Matchup: Indians (22-22) at White Sox (23-20), 7:11 p.m. CT
Conspicuously absent from this year's Flake leaderboard is Contreras, who has actually been the most consistent Chicago starter in 2008. That is in direct contrast to his reputation. The Cuban import dazzled in his rookie season with the Yankees, striking out 72 in 71 innings with a 3.42 RA, but Contreras then went down in October flames, giving up 11 runs in 11 post-season innings, which earned him a pair of losses. That was essentially the end for Contreras in the Bronx, as next season he put up a 6.21 RA in 18 starts, alternating good outings (eight quality starts) with horrendous ones (four of seven or more runs) before being shipped to Chicago, where he continued to pitch poorly. Maddeningly for Yankees fans, Contreras then put things together to have an excellent season in 2005, and even won three games in the playoffs, turning into a playoff hero for the World Champion White Sox. The next two seasons, however, brought more of Contreras' trademark inconsistency, as he finished second in the AL to Sabathia on the Flake list in 2006, and fourth last season.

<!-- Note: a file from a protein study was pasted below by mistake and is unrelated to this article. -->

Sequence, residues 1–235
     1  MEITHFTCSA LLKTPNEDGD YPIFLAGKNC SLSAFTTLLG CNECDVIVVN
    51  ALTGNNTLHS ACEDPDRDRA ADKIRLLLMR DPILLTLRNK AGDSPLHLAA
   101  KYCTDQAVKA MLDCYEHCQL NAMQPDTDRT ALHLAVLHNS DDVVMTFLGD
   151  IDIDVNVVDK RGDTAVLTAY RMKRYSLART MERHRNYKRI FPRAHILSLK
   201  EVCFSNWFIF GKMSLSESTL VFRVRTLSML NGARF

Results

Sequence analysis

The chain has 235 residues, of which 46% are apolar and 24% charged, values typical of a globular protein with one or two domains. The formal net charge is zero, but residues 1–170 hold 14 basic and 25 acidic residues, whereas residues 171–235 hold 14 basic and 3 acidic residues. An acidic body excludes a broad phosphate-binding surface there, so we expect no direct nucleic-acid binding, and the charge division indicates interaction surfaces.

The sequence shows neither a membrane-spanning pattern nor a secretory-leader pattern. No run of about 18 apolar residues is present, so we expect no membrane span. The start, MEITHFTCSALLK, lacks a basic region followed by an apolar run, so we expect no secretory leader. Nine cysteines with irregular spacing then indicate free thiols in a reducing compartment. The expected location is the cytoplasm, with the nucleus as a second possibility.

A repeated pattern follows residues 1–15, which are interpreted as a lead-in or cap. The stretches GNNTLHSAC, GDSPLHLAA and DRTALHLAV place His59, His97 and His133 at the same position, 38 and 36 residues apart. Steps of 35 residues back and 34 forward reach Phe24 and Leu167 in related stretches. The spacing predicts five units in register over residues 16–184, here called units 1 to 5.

Matchup: Giants (17-29) at Rockies (18-27), 6:35 p.m. MDT
Both Lincecum and Cook have thrived despite pitching in front of bad defenses, as the Rockies rank 23th and the Giants 26th in the majors in efficiency, that after both finished in the top 12 last season. For the Giants, that poor play can be traced to the infield: at third base, where the Giants have a second baseman, Jose Castillo, playing out of position, at second base, where the young (Eugenio Velez and Emmanuel Burriss) have displayed even less range than the old (Ray Durham), and at first base, where the 36-year-old Rich Aurilia is last in the majors in Range Factor. The Rockies miss Troy Tulowitzki's glove at shortstop, but the main problem for them defensively has been the play of Garrett Atkins, who is second to last amongst NL third baseman in RF. Given that first baseman Todd Helton's contract is almost totally unmovable ($16.6 million per year through 2010, and then $19.1 in 2011), it might make sense, as Nate Silver outlined this offseason, for the team to deal Atkins for pitching, considering that Ian Stewart appears ready to take over the hot corner (.288/.381/.647 with 12 homers at Triple-A Colorado Springs).
Caleb Peiffer is a contributor to Baseball Prospectus. He can be reached here.